Industry secrets: What successful companies have in common

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Compass with success written on itThis is part one in a three-part series. Part two will publish on TLC tomorrow. 


At the 2019 Gulf States Horticultural Expo held in Mobile, Alabama, green industry professionals gathered to discuss an array of topics regarding employee retention, building your business, proper planting and maintenance techniques and more.

With over 30 years of experience advising green industry business owners, Tom Grandy, founder of Grandy and Associates, discussed 15 aspects he’s noticed all successful companies have in common.

Know what labor rate you need

The first step that Grandy recommended was that company owners know what labor rate they need to use in each department to cover the cost of doing business from a cash flow perspective, as well as generate a significant pre-tax net profit.

“The number one failure in our industry today is improper labor pricing,” Grandy says. “What happens over the years is companies grow, and when they grow, what happens? All of your costs of doing business change. You have to set your hourly rates based on cash flow dollars, or it could literally put you out of business.”

Grandy notes that one of the biggest mistakes business owners make is failing to re-calculate profitable labor rates on a regular basis. As your overhead costs increase, owners should seriously re-evaluate how much they charge for services. Most companies, Grandy says, continue to charge what everyone else does, which ultimately doesn’t work in the green industry.

Calculate your hourly rate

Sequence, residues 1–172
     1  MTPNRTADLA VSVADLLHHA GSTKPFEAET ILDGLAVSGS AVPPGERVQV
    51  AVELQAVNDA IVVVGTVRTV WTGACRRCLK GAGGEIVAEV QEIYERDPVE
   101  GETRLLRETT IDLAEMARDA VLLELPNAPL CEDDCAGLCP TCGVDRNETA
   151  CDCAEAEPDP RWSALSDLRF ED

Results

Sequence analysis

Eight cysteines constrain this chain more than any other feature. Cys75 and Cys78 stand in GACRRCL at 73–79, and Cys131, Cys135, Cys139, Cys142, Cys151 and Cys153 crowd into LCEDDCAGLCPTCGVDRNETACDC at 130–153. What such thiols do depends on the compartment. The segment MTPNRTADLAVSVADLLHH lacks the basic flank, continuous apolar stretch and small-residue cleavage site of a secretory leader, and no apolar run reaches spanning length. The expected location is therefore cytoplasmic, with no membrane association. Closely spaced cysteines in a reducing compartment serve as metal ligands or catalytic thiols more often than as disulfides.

When re-calculating your hourly rate, Grandy says you need to first determine what your real costs of doing business are from a cash flow perspective, which means you need to be familiar with basic overhead costs such as rent, utilities, insurance and more. But along with basic overhead costs, Grandy says you also need to take into account a few more costs:

  • Non-billable time: This is time your technicians are paid for, but you aren’t able to charge customers for. This can include time spent in the shop, traveling, attending company meetings and more.
  • Full amount of loan payment
  • Equipment replacement costs
  • Cost of basic overhead

“We’re talking about what it’s going to cost you two, three, four years in the future,” he says. “Take that future cost built in with today’s pricing so that when we’re ready to replace that piece of equipment, we’ve got the dollars to do it.”

Secondly, he recommends determining the amount of gross profit you make when selling materials or parts in each specific department. After this comes calculating your billable hours, followed by your breakeven rate, which Grandy says is the real cost of doing business, minus gross profit on material sales, divided by billable hours. Finally, Grandy says to add profit to your hourly rate.

In the landscaping industry, Grandy says you will have anywhere between 25 and 30 percent of non-billable time, and if you’re doing irrigation where you visit multiple sites in a day, you could have up to 50 percent of non-billable time.

Develop a cash flow budget and track results monthly

When creating a budget, Grandy says it’s imperative that you create a month-by-month, department-by-department cash flow budget and track the results every month.

By implementing this, you’re better able to look at your company in detail, provide accountability and encourage others to get involved with the budgeting process, help you plan the growth and track the profitability of your company and provide accurate information that will allow you to make good economic decisions.